The last time we took a vacation — and took the kids out of school — my son filled 16 pages in his journal without being asked. He wrote furiously as we drove up the southern Californian coast. He sketched his own versions of the 18th century European paintings we saw at the Getty Museum. In the back of the San Diego Mission, the architectural ruins captivated him. We even fit in his first college tour — to USC — as if that wasn’t inspiration enough to keep getting good grades. And in the end, he returned to school with great stories to share with his teacher and the class (but it still didn’t get him out of all of the class work and homework he had missed).

If I were you, I would reassure your teacher friend that of course you have the best interest of your children at heart and that nowhere does it say that the only way a child can learn is within the four walls of a school building. There are endless benefits to a change of scenery, not to mention in spending time with those who are closest to them. Tell her how much you are looking forward to them trying out new things and creating memories with their siblings, parents and grandparents — something that doesn’t get much priority during the school year when there’s homework to do and a full slate of activities. And if she’s still not convinced, you can always invite her to come along.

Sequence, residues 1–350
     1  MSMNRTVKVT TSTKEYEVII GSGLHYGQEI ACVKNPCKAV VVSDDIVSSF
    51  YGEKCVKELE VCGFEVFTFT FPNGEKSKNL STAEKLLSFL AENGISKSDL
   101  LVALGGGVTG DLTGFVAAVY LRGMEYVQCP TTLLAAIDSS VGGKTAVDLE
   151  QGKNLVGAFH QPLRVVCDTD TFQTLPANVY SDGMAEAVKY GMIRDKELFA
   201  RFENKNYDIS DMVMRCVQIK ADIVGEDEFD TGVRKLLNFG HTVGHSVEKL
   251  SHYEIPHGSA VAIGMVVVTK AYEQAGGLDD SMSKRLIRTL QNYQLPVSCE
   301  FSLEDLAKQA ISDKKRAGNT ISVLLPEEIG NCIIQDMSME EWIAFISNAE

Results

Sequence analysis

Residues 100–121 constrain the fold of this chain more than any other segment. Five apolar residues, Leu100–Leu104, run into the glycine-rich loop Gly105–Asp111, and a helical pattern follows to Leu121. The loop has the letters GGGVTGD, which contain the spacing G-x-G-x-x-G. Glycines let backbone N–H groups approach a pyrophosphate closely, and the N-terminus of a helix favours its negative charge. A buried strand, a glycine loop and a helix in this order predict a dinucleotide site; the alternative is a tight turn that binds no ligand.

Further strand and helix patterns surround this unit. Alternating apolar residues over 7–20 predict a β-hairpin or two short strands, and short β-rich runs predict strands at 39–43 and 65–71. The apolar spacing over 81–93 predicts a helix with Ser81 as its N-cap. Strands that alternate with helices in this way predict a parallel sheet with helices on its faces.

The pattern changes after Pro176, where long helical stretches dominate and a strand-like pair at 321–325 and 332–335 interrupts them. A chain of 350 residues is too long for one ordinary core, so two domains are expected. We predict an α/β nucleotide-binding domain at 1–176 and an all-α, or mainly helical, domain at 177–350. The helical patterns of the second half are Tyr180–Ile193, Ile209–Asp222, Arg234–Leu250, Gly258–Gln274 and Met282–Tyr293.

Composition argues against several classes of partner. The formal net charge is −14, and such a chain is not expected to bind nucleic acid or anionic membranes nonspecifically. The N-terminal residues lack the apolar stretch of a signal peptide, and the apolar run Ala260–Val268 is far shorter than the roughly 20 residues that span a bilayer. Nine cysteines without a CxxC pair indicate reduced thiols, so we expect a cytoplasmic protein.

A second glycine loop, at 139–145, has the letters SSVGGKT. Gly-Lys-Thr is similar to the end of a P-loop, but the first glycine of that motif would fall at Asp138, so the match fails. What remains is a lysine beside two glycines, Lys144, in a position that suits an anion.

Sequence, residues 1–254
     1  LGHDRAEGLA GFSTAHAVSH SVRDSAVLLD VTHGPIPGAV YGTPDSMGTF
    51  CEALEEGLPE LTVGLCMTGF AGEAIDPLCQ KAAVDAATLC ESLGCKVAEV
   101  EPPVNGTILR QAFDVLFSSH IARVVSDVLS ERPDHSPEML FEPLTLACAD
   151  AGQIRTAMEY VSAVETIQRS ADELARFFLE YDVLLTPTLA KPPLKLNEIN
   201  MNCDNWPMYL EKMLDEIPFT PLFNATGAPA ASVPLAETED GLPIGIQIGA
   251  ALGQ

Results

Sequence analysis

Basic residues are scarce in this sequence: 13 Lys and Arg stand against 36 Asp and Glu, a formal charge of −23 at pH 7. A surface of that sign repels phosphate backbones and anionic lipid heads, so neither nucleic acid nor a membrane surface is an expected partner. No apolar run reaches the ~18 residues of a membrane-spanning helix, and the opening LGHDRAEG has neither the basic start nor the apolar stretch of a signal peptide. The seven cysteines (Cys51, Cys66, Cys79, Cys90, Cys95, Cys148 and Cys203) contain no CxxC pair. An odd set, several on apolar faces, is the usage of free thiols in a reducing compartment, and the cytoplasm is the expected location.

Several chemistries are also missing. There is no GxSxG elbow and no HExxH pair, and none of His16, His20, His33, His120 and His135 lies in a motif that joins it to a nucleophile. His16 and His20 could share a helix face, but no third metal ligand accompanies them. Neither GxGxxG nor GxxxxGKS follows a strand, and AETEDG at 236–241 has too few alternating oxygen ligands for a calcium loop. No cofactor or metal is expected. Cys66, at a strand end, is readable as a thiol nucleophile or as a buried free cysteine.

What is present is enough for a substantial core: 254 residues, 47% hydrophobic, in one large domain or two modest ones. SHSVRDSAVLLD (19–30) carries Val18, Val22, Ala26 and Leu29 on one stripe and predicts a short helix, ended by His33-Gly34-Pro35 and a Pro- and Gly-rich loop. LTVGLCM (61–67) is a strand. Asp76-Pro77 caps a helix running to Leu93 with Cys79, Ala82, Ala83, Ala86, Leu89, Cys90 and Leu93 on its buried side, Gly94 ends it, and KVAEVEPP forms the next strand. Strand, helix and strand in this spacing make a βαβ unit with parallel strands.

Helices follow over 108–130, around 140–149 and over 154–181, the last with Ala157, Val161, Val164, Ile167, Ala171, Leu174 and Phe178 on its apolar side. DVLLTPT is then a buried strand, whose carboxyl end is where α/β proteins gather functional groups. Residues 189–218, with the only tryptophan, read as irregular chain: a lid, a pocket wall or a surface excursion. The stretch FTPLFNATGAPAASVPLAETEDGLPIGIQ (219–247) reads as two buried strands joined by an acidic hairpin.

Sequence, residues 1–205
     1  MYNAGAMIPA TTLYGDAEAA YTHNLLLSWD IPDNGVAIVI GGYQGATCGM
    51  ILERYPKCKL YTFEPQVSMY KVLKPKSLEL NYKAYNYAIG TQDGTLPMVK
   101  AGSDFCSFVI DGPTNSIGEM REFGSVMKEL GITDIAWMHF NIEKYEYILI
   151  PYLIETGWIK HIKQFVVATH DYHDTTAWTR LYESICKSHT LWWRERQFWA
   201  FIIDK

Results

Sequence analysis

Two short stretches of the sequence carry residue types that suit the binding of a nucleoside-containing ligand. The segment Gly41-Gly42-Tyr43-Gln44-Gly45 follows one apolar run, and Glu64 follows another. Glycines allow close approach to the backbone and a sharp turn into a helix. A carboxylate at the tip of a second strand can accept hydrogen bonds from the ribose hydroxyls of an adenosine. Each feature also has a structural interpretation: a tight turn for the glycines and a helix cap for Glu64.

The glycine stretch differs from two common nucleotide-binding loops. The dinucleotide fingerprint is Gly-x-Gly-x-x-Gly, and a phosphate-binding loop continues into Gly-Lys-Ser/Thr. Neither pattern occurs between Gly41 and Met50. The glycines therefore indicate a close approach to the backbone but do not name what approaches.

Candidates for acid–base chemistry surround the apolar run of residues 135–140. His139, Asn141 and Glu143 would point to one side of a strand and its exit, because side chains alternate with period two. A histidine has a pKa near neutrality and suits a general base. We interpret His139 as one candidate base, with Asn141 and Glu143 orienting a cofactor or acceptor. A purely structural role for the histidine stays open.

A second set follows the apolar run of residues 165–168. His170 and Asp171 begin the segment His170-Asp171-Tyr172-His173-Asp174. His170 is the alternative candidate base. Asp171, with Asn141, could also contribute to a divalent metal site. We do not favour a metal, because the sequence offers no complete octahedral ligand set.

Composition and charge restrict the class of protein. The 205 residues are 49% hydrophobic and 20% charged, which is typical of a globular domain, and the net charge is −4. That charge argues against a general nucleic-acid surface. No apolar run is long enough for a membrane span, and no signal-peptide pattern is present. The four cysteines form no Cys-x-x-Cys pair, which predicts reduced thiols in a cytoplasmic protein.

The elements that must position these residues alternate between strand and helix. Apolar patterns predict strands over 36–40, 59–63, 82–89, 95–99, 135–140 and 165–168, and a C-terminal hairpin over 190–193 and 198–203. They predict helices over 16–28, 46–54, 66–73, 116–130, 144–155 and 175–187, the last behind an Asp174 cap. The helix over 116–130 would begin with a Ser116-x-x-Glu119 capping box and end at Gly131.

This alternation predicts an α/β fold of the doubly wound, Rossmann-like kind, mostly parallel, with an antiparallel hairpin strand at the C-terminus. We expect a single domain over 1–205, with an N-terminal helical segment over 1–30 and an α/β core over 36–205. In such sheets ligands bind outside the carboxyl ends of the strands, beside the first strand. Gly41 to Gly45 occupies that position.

Amanda: Whatever you do, please don’t pass my contact info on to your friend because she’d probably give me a hard time too — in a few short weeks my family is going on a week-long vacation to DisneyWorld and  like you, we are taking our two older kids out of school for the duration (don’t tell them though — it’s a surprise!).

So obviously I don’t have a problem with it. This upcoming trip is the longest our kids will miss school for reasons other than illness, but we’ve done it before, with little to no repercussions. Maybe their teachers would beg to differ, but my position is, my kids (in the second and fifth grades) are doing just fine in school and although they will miss quite a bit, I’m confident in the abilities of myself and (mostly) my husband to catch them up.